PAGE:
The Predator (2018)
Critic Consensus: The Predator has violence and quips to spare, but its chaotically hollow action adds up to another missed opportunity for a franchise increasingly defined by disappointment.
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as Rory McKenna
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Critic Reviews for The Predator
Yet another reminder that the strange alchemy of the progenitor probably can't be replicated. Hawkins is spinning in his jungle grave.
What's remarkable is that the results are so blockbuster-bland. It might've helped if Black had stuck to the band of misfits angle, pitting the Predator against a group of war-ravaged vets who have to find a way past their damage if they're gonna survive.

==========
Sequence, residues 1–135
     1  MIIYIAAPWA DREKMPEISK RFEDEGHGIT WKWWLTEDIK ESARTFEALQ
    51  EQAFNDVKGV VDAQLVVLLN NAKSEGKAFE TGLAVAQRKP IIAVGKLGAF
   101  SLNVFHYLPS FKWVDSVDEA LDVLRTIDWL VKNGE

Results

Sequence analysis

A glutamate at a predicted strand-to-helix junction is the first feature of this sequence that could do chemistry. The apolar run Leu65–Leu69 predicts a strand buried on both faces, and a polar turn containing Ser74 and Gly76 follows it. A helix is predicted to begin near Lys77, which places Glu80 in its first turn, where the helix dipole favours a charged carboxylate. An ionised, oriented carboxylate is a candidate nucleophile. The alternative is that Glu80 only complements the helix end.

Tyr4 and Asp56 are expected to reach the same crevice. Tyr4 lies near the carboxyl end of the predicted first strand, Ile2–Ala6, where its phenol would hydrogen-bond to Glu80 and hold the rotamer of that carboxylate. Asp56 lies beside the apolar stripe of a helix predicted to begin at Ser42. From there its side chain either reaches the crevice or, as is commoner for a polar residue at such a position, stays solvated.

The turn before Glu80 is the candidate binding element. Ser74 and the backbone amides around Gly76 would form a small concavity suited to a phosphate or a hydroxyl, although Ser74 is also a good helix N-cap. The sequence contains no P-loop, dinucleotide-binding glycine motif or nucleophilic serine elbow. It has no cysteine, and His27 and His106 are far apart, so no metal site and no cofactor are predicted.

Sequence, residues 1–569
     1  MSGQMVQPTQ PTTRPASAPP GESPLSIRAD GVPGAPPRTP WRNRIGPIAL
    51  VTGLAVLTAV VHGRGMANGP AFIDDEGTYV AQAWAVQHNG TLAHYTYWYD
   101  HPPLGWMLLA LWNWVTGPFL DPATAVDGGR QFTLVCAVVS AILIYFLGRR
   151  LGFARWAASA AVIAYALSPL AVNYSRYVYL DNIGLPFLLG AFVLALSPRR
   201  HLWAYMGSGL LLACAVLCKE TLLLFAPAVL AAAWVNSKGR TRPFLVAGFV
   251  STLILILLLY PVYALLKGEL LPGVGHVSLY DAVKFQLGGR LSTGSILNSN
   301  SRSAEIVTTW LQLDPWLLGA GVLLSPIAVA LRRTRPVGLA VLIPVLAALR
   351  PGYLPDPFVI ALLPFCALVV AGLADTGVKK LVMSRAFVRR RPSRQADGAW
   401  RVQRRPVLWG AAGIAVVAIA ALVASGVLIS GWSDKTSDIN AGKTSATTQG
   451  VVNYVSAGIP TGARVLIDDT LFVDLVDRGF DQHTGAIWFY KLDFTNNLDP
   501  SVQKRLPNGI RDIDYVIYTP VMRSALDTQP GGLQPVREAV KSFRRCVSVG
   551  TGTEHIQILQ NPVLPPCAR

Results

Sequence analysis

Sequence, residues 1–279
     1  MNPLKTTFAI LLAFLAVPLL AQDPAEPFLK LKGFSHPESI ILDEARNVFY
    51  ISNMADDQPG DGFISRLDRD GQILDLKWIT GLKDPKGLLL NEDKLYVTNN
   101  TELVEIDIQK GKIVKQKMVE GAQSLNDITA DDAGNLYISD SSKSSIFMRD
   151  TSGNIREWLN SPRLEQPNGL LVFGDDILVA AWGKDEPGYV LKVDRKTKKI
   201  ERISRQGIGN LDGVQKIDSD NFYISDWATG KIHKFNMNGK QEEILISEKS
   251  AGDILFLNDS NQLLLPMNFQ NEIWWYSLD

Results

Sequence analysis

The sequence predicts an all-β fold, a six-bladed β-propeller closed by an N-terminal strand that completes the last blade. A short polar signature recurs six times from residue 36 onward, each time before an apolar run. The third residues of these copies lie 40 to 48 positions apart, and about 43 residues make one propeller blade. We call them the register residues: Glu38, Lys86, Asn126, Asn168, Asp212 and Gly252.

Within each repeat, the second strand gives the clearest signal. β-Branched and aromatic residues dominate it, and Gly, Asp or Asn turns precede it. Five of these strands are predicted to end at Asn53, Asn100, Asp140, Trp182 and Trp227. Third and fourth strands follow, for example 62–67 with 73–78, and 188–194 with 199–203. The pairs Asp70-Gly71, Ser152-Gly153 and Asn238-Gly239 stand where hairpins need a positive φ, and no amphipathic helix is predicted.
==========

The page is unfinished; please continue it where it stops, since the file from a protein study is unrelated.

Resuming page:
On the matter of action, Black knows the trade, and it shows: This is by far the best-looking and most pyrotechnic movie in the franchise, with an impressive array of vehicles and hacked-off limbs soaring lovingly through the frame.
Whatever its weaknesses, The Predator gets its titular aliens right, offering a sampler of violent, extraterrestrial skirmishing that works more often than it doesn't.
The Predator is a confused, sloppy mess of a film, overstuffed with zingy one-liners and lacking in coherence.
Audience Reviews for The Predator